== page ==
The two men gathered for a potluck with their families and friends in a Bennett Valley townhome clubhouse festooned with balloons and ribbons and once again shared the extraordinary story of how they met, two drivers whose cars and lives collided on a rainy night 20 years ago in almost predestined fashion.
The subdued festivity a week ago — the New Age music, a couple of playful toddlers running around under their mom’s watchful gaze, and through the windows a green landscape with splashes of dappled sunlight between rain showers — belied the dark, terrible circumstances that brought Steve Backman and Chris Loukas together.
Backman, 39 at the time, was a bar-hopping, habitual drunken driver, an unemployed construction worker who saw little reason to live.
Loukas, then 64 years old, was the owner of a Sebastopol crystal shop, the embodiment of west county sensibilities — a healer who does “energy balancing” for people and is an ordained minister in the Universal Church of the Master.
The near-fatal crash on Highway 116 near Cotati on Jan. 28, 1995, what the two men would refer to as “the incident … because there are no accidents in life,” forged an unlikely bond between them, becoming a tale of redemption and the power of forgiveness.
Loukas, who now lives in Sebastopol, was so badly hurt, there were doubts he would survive the injuries that put him into a six-week coma, let alone walk again.
Backman, the intoxicated driver whose Ford Bronco slammed into Loukas’ compact car before landing on top of it, walked away with little more than scratches. But he was a broken man inside, verging on suicide, up to his fifth arrest for driving under the influence of alcohol.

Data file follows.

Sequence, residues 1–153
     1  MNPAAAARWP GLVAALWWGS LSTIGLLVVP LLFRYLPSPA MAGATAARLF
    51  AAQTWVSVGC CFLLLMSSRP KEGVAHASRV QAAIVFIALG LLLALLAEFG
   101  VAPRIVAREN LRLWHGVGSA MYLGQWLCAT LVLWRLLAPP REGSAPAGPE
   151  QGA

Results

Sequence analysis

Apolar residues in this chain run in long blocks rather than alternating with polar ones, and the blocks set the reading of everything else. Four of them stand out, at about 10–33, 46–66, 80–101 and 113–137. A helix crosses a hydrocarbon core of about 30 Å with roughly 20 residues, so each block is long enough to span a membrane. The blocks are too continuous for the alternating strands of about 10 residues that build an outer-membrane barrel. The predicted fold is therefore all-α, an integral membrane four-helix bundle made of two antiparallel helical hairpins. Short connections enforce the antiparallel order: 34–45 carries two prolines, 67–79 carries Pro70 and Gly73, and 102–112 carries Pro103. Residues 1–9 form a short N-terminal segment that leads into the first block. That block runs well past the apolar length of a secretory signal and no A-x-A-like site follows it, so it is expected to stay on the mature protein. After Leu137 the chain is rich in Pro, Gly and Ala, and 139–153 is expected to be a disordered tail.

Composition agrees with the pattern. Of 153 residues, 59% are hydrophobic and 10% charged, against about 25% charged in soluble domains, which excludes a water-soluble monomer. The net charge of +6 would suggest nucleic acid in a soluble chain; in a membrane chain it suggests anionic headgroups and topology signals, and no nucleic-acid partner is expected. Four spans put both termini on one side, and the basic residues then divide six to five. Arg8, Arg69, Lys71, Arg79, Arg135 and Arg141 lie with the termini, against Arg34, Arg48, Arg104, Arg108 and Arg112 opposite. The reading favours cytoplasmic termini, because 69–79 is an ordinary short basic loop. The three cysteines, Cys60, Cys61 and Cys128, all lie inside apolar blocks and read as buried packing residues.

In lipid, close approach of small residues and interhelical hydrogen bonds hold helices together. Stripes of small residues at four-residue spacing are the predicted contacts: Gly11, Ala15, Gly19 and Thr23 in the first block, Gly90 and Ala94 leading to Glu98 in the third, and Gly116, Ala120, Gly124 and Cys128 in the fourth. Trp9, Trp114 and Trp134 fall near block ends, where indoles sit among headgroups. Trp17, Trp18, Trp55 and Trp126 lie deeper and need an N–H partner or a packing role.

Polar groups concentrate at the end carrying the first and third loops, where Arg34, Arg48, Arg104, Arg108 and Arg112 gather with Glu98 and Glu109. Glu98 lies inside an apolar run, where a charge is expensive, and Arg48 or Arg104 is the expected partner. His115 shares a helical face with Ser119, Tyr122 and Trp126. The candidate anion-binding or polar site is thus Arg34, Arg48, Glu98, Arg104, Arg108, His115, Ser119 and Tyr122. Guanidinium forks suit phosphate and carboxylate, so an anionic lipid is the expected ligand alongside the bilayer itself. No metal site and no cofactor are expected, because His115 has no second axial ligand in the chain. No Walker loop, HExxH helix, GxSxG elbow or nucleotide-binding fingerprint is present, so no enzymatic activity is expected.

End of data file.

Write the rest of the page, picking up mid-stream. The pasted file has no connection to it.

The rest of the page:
Instead of anger and resentment, Loukas showed a saint-like ability to pardon Backman when the younger man sought him out in the hospital two months later to apologize, against the advice of his attorney and family.
The two men would go on to become like family. And just two years after the crash, Backman met his future wife in one of the meditation classes conducted by Loukas, who married them.
“He’s like a spiritual son to me and has been for 20 years,” Loukas said.
Backman said he will mark his 20th year of sobriety next month — with no relapses — attained with the help of 12-step programs and the forgiveness and love that Loukas showed him.
Now lithe and lean from the 8,000 miles he averages per year on his road bicycle, an earnest, bright-eyed Backman last week spoke of his transformation after the crash and the gratitude for life that he feels every day, from the moment he awakens.
Next to him sat the white-bearded Loukas, his trademark Greek fisherman’s cap adorned with a crystal cross, revealing no clue to his past as a Marine sergeant and aircraft mechanic during the Korean War.
Asked whether he has any lingering pain, or physical problems from the crash, Loukas pulled up his pant leg to show a reporter a gnarled kneecap and the scarred leg reconstructed with “nuts and bolts” that was almost amputated after the crash.
“No, I never had any pains relating to this thing whatsoever,” he said, adding that he heals through spiritual energy, “complementary to Western medicine.”
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